Establishing a quality control standard

To optimize the extraction conditions, a patent extraction method was followed [14], by using ethanol with different solvent compositions (30, 50, 70, and 100%). The average content of active components in the extract was calculated based on quantitative analysis. The contents (%) were calculated as A × (Amount of solvent)/(Amount of sample) × 100, where A is the concentration of compound, and the amount of solvent was 1 mL and the amount of sample was 10 mg. In this study, three batches containing 1 kg of litchi seed each were extracted for each solvent composition to determine the best solvent to establish a standard production method.

α-Glucosidase inhibitory activity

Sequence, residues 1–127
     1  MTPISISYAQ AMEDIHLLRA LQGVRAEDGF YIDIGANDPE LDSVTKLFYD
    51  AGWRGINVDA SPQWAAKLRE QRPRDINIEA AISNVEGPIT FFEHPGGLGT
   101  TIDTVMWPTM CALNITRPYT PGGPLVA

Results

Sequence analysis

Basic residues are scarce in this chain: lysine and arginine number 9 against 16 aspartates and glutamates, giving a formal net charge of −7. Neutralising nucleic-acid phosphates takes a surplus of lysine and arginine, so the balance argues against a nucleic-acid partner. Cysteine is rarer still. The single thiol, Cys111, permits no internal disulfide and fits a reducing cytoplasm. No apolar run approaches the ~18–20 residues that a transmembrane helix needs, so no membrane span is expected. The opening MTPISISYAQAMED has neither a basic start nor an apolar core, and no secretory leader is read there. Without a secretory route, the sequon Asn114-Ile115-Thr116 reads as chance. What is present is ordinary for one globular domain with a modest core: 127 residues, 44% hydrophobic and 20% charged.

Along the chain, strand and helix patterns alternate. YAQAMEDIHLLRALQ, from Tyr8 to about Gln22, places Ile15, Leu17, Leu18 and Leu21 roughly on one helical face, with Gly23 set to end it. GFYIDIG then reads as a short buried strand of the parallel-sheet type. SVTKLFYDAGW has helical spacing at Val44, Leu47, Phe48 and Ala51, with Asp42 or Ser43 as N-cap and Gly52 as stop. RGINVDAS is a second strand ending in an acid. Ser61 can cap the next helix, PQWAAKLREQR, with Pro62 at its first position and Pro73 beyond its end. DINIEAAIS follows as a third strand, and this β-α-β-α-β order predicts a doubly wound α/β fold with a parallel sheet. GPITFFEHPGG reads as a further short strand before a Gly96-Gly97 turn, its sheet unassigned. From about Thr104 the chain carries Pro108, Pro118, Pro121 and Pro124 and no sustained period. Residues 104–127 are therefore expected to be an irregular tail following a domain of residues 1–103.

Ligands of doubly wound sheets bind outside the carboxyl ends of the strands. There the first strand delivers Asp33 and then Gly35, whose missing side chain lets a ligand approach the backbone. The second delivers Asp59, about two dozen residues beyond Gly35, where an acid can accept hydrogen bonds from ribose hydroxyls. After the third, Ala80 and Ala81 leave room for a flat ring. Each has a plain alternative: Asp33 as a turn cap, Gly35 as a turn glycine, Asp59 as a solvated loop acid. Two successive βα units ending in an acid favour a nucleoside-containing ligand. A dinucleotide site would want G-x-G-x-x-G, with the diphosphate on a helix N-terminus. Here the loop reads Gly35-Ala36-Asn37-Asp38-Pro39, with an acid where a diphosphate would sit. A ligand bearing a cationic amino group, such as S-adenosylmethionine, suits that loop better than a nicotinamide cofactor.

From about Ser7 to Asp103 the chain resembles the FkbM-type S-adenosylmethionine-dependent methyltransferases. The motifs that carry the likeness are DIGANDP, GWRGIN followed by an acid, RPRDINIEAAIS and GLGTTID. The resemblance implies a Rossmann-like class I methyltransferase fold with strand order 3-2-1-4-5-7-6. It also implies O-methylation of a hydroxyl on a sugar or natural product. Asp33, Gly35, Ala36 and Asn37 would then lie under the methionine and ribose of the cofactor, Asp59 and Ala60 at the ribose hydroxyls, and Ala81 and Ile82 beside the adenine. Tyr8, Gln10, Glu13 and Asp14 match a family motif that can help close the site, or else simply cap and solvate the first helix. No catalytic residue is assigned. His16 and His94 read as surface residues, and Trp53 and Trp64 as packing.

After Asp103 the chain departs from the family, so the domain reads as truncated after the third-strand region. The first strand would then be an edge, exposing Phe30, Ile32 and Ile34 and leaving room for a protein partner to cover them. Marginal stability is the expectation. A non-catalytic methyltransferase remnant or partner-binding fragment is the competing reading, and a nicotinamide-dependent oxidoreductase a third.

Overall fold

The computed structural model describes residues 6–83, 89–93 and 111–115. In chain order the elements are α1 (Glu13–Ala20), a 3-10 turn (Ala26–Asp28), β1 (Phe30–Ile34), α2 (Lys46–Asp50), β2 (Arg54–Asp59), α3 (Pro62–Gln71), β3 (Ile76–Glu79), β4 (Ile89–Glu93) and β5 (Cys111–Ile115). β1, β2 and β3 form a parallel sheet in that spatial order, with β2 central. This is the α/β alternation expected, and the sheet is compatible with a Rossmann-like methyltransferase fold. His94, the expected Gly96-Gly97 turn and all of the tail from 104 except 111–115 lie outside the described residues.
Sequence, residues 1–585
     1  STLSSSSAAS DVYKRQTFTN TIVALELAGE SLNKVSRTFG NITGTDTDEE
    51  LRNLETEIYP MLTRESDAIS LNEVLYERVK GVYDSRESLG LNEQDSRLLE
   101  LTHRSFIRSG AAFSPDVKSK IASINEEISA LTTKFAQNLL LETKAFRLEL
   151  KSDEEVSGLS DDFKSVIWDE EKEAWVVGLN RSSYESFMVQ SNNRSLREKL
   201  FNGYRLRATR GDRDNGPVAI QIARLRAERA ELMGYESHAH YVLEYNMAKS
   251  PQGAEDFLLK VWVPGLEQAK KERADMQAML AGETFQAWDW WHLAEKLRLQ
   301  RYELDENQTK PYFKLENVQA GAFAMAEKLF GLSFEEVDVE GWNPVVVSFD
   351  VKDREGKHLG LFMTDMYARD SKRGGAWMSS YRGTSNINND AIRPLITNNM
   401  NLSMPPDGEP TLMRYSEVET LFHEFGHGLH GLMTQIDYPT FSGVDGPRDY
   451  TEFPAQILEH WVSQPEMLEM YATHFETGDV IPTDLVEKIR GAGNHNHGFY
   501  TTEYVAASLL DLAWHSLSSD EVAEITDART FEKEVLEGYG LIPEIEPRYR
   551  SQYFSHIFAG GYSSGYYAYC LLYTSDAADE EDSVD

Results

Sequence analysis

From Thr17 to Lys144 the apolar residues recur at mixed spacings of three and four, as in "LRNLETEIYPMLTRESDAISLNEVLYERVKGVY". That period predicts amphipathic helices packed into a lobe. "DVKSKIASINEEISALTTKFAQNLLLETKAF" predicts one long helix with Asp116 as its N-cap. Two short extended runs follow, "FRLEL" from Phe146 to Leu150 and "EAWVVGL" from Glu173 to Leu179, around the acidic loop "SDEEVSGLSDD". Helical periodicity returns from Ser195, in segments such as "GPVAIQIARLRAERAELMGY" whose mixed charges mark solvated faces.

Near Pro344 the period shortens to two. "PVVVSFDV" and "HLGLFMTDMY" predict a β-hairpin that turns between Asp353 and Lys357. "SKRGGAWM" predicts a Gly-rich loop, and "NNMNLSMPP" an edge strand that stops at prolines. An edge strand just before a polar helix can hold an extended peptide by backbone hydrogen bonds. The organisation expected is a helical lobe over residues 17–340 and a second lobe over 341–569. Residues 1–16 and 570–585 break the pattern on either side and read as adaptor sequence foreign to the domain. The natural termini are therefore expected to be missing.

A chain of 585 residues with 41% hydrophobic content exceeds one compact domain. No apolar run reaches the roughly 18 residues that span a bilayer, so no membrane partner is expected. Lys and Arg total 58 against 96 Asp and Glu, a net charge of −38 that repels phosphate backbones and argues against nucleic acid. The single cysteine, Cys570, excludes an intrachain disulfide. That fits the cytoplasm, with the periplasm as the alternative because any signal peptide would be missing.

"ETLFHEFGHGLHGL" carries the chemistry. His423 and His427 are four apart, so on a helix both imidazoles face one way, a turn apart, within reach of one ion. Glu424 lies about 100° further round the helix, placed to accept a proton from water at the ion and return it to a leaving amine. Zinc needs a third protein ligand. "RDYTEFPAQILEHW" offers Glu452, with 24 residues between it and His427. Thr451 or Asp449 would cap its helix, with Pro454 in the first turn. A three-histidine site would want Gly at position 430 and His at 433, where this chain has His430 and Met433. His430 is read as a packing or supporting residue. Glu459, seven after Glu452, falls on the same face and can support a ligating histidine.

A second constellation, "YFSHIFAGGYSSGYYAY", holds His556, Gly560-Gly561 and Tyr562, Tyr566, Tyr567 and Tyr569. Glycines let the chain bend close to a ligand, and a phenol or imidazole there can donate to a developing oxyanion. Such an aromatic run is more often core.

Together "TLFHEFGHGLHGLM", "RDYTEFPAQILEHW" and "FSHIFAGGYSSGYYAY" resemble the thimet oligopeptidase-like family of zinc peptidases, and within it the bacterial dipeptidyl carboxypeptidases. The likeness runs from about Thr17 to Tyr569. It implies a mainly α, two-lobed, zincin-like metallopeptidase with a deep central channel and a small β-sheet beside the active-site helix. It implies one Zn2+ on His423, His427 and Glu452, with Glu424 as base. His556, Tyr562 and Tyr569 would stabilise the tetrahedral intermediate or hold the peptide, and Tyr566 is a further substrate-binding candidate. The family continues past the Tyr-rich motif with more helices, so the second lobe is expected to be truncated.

The enzyme inhibition was conducted using a 96-well microplate reader, measured by a spectrophotometer [16]. A total of 60 μL of reaction mixture containing 20 μL of 100 mM phosphate buffer (pH 6.8), 20 μL of 2.5 mM p-NPG in the buffer, and 20 μL of sample dissolved in 10% DMSO were added to each well, followed by the addition of 20 μL of 10 mM phosphate buffer (pH 6.8) containing 0.2 U/mL of α-glucosidase. The plate was incubated at 37 °C for 15 min, and then 80 μL of 0.2 mol/L sodium carbonate solution was added to stop the reaction. Then, the absorbance was recorded at 405 nm by using a Sunrise spectrophotometer (Tecan, GmbH 5082, Grödig, Austria). Controls contained the same reaction mixture except that phosphate buffer was added instead of the sample solution. The color control contained the same reaction mixture except that phosphate buffer was added instead of the enzyme solution in each well. Acarbose was dissolved in 10% DMSO and used as a positive control. The inhibition percentage was calculated with the following formula: [(Ac − As)/Ac] × 100%, where Ac is the absorbance of the control and As is the absorbance of the sample, which is subtracted from the absorbance of the color control. Litchi seed crude extract, CSL, WSL, and the sugar-removed layer (SRL) were examined for their α-glucosidase inhibitory activity. The concentration of different partitions samples was as follows: the extract, CSL, WSL, SRL, and Fr 6 samples were diluted to 15.63, 7.81, 6.25, and 3.91 μg/mL, respectively, and Fr 16 and Fr 17 samples were diluted once more to a concentration of 0.39 and 0.08 μg/mL, respectively. Protocatechuic acid (A), pavetannin B2 (B), procyanidin A2 (C), and 5-ρ-coumaroylquinic acid (D) were examined for their α-glucosidase inhibitory activity. The concentrations of samples were 125, 62.5, 12.5, 6.25, 3.13, and 0.78 μM.